Tuesday, December 28, 2010

20" of snow can sure ruin your travel plans...

The blizzard that hit the east coast Sunday and Monday resulted in our Monday morning flight being canceled. After an hour and a half on hold with Alaska Airlines, I got a call from Jason's mom who had been able to get through on the travel agent line quite quickly. Because of all the cancellations that happened before ours, the earliest flight we could get out would have been a red-eye (with a layover, if I remember correctly) on Wednesday night that would have gotten us to Boston part-way through our last day of appointments. Otherwise, there was nothing until Friday.

After some email exchanges with the coordinator at Massachusetts General who, thankfully, was working from home, we decided to reschedule everything for next week. We don't have the final schedule of appointments yet, but we'll be flying out on Saturday the 1st, coming home the evening of Friday the 7th.

Unfortunately, this delay pushes everything back. Her new radiation start date will be January 18th (originally January 11th), with her final treatment date around the 1st of March. We had some appointments here next week and in the last week of February that I'm now working to reschedule. I am also waiting for confirmation from Christopher's Haven on whether this will put our spot there in jeopardy or not. Feels like we're back to square one with planning...hopefully I'll know more soon.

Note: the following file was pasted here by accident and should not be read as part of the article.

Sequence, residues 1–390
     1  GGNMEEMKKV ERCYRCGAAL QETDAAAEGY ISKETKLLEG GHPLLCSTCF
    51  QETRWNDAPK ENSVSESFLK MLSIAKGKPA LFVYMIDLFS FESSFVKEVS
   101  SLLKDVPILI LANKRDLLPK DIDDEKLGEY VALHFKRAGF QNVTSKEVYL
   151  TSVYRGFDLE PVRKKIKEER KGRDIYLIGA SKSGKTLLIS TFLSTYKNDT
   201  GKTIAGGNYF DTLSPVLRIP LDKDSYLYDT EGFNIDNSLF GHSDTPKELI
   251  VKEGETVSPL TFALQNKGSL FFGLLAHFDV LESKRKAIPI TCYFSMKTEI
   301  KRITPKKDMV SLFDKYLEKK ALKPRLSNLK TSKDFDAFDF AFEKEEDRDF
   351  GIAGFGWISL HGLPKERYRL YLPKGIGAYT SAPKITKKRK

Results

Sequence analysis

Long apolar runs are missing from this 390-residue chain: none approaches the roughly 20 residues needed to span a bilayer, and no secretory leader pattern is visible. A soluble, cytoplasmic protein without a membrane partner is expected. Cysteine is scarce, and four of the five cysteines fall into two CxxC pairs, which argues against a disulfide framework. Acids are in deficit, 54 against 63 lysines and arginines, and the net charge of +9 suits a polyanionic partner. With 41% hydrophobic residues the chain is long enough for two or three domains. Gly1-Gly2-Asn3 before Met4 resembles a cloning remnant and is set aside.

Thursday, December 23, 2010

Happy Holidays!

Didn't get around to mailing Christmas cards this year, so here's one for everyone!

A busy holiday week

As if the week of Christmas isn't a busy enough time, we had a slew of appointments this week and we fly out to Boston on Monday. This Christmas is definitely going to be a bit of a blur.

Summer had a CT scan Tuesday afternoon to check that the shunt is draining the cyst properly. We were a little apprehensive because of a comment she made to Jason on Monday about her eyes: "I don't like my eyes. I want better ones." It's enough to break your heart!

She's made comments about her eyes not working quite right from time to time, but it had been a while. In light of the recent surgery and new draining system, we decided to call neurosurgery Tuesday morning and they squeezed us in that afternoon, just to be safe.

When the tech came to get us from the radiology waiting room, Summer immediately knew what she was in for. She started telling us "No, I don't want to. I don't like to lay down." She became pretty frantic when we walked into the CT room, but once she was swaddled onto the table and we started counting with her, she calmed down.